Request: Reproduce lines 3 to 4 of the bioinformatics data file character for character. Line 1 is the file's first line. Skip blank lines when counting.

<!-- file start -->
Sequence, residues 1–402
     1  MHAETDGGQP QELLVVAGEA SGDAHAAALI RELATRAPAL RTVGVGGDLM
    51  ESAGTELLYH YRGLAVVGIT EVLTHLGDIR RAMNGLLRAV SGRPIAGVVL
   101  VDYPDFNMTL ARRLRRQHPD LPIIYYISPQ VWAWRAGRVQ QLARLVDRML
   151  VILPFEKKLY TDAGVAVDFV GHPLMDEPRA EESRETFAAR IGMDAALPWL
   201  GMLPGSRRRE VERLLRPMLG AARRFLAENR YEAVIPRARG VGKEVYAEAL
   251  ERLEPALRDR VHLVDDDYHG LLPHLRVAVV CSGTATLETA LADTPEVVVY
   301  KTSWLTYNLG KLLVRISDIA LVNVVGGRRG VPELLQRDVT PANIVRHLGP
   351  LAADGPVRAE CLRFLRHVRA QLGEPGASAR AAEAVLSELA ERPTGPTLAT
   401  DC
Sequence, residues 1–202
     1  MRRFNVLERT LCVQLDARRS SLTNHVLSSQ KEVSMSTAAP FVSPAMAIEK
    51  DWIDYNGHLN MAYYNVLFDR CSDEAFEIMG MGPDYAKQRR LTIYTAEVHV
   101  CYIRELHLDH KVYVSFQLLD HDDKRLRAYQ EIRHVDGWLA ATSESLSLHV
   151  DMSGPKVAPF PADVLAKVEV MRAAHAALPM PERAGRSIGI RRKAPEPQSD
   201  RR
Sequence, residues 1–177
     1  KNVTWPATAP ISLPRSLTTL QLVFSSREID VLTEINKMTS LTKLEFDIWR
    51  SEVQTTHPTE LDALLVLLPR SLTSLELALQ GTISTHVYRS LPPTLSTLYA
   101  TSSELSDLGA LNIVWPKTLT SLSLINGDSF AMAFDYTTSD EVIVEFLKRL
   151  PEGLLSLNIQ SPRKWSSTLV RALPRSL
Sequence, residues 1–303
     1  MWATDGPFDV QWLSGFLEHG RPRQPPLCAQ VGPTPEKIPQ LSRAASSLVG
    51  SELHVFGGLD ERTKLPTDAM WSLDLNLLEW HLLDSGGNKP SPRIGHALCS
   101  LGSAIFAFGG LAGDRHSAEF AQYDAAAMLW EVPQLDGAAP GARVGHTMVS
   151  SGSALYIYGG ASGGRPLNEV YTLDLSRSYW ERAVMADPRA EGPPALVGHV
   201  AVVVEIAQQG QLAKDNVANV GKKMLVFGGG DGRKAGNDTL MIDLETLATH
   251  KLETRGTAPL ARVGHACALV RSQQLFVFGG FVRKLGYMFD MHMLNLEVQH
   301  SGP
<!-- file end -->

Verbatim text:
    51  ESAGTELLYH YRGLAVVGIT EVLTHLGDIR RAMNGLLRAV SGRPIAGVVL
   101  VDYPDFNMTL ARRLRRQHPD LPIIYYISPQ VWAWRAGRVQ QLARLVDRML